In a mere seven years, Cas9 has shown itself to be a formidable gene editor, employed in humans, plants, animals and bacteria to quickly and accurately cut and splice DNA, transforming biology and opening new avenues for treating disease. But a new kid on the block, CasX, may give Cas9 a run for its money. Discovered two years ago by UC Berkeley scientists Jill Banfield and Jennifer Doudna in some of the world’s smallest bacteria, the protein was similar to Cas9, but quite a bit smaller: a big advantage if you’re trying to deliver a gene editor into a cell.
But would it work outside its native bacteria? According to a new study, CasX is, in fact, a potent and efficient gene editor in both bacteria and human cells. Its design is similar to Cas9 and its well-studied cousin, Cas12, but it is different enough that it appears to have evolved in bacteria independently of the other Cas proteins. It can cut double-stranded DNA like Cas9, can bind to DNA to regulate genes, and it can be targeted to specific DNA sequences like other Cas proteins.
Plus, because it comes from bacteria that are not found in humans — Banfield dredged them from a database of microbes found in groundwater and sediment — the human immune system should accept it more easily than Cas9. Some doctors fear that Cas9 may create an immune reaction in patients treated with CRISPR therapies.
“The immunogenicity, delivery and specificity of a genome-editing tool are all vitally important,” said co-lead author Benjamin Oakes, a former UC Berkeley graduate student and current Entrepreneurial Fellow in the Innovative Genomics Institute. “We’re excited about CasX on all of these fronts.”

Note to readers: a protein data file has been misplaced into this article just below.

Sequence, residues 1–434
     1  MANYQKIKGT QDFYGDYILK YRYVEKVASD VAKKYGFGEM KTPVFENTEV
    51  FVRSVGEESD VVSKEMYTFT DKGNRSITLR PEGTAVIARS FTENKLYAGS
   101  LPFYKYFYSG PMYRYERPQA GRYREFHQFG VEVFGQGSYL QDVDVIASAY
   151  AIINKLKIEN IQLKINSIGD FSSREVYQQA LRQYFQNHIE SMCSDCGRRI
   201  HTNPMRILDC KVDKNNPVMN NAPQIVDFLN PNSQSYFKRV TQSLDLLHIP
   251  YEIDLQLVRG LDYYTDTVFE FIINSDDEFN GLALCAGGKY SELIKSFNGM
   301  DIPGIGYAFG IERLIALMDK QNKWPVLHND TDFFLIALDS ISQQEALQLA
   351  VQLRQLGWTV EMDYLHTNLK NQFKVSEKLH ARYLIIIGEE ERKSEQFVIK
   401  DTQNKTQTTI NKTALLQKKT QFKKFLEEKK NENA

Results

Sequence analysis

Co-lead authors Jun-Jie Liu and Natalia Orlova used a cryo-electron microscope to capture snapshots of the CasX protein going through the motions of editing a gene. Based on the protein’s unique molecular makeup and shape, the researchers concluded that CasX evolved independently of Cas9, sharing no common ancestor.
“The first thing that jumps out is how the highly unique domains accomplish similar roles to what we have seen with other RNA-guided DNA-binding proteins. CasX’s minimal size, with no fat on the bone, helps to clearly demonstrate there is a basic recipe that nature uses,” Oakes said. “Understanding this recipe will help us to better evolve and engineer genome editing tools for our purposes rather than nature’s.”
That’s exactly what he and his colleagues are now doing. “The culmination of biochemistry, genome editing and structure experiments within this single study is a prime example of the comprehensive efforts that are underway at the IGI,” said Jennifer Doudna, IGI’s executive director, a UC Berkeley professor of molecular and cell biology and of chemistry and a Howard Hughes Medical Institute Investigator. “We aren’t just looking to uncover the next pair of molecular scissors. We want to build the next Swiss Army knife.”